Pine Island Cemetery
Pine Island Cemetery, established as a public, nondenominational cemetery on December 16, 1708, was known as “Over River Burying Ground” until about 1733.
Pine Island is the second oldest and largest of Norwalk’s colonial era cemeteries and reflects 300 years of the area’s diverse cultural heritage and history.
From the earliest burial, based on the surviving headstone of Elizabeth Haynes Bartlett who died in 1723, to the last burial of Doris Buckham Barry in 2009, there are over 1,800 people buried here. These gravestones bear the names people from all walks of life; from laborers to doctors and many vocations in between.
Immigrants from 16 countries, who came to work in many of Norwalk’s industries, are buried here.
Other permanent residents of Pine Island were shopkeepers, shoemakers, potters, railroaders, oystermen, hatters and housewives.
Pine Island commemorates the final resting place of people who built the foundation of this city and those who contributed to its growth and prosperity.
The cemetery was listed on the State Register of Historic Places in 2010. The wide variety of headstones make this an interesting place to wander and consider what Norwalk was like over the centuries.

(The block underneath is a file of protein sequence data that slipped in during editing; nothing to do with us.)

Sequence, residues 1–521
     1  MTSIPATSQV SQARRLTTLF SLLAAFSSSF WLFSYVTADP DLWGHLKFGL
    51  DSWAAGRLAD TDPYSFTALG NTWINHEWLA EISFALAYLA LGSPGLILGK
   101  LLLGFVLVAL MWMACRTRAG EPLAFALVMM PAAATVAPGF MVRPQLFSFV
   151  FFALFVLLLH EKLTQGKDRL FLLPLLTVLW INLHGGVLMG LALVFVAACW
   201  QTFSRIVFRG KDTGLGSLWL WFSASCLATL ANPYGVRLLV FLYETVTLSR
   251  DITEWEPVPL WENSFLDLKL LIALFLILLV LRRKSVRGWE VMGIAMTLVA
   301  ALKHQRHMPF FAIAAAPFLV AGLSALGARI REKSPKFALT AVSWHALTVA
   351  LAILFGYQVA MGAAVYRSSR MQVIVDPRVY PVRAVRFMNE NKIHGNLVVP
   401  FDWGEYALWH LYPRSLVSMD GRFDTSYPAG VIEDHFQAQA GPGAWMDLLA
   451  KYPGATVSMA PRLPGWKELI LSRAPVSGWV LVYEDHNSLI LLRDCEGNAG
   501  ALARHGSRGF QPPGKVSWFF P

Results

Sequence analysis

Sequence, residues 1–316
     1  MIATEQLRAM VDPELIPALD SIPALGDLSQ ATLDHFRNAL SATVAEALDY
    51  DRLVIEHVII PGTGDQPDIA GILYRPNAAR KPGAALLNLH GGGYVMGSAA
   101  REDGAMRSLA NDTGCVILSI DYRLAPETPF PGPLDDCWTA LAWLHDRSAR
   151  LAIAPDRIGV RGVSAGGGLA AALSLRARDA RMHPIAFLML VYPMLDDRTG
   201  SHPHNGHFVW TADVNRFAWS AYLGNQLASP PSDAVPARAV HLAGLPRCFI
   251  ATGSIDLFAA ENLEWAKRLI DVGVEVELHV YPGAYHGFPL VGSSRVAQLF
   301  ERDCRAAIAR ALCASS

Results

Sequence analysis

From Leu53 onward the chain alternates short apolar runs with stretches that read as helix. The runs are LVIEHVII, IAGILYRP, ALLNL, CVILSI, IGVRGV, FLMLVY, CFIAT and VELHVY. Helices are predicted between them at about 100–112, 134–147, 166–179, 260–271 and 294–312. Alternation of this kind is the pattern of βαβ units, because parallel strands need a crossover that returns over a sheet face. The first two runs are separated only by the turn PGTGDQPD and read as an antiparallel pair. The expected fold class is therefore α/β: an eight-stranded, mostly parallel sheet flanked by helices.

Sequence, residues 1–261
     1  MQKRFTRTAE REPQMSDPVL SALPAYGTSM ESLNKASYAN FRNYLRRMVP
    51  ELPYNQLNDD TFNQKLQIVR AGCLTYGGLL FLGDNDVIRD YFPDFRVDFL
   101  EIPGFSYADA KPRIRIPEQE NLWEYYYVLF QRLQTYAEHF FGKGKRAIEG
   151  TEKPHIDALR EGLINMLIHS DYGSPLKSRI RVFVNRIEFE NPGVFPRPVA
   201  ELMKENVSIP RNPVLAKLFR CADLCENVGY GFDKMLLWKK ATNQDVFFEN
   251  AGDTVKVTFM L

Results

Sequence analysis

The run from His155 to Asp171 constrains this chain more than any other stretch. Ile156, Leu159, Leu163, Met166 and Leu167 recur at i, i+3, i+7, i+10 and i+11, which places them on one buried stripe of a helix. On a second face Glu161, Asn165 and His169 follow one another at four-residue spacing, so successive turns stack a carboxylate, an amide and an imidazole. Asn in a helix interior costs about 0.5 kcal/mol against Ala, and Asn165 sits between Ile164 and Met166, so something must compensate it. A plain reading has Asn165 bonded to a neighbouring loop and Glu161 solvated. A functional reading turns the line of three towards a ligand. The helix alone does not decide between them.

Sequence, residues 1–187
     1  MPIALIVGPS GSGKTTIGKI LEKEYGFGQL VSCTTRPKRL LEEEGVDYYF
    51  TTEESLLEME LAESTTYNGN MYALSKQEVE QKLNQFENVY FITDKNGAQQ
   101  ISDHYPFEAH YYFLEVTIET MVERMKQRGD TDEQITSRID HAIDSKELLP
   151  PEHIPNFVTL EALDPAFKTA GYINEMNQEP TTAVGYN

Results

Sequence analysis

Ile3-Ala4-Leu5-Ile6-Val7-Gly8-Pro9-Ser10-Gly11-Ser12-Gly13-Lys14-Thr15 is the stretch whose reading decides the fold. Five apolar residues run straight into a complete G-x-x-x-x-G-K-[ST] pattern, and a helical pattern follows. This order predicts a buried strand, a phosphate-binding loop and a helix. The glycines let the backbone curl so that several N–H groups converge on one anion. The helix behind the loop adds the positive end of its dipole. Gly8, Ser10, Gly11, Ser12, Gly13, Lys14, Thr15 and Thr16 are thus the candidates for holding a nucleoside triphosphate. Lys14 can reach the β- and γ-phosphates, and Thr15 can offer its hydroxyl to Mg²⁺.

Facts and Figures
- The former name of Pine Island Cemetery was “Over River Burying Ground” which distinguished its location, across the river from the original settlement in East Norwalk. About 1733, the name changed to Pine Island, possibly after an island located south of here.
- The ethnic composition of the cemetery includes 16 nationalities represented at Pine Island. American-born individuals comprise 82% of the burials.
- Buried here are veterans from the Revolutionary War, the War of 1812, Civil War, and both World Wars.
Notable Pine Island Burials
Captain William Cannon Sammis
Captain Sammis was a prominent captain in charge of the sloop Julia, carrying produce and oysters to New York City. For over 100 years, the Sammis families have been buried in the family plot. The last of their family’s burials was Frederick Sammis in 2000, former First Selectman of Darien.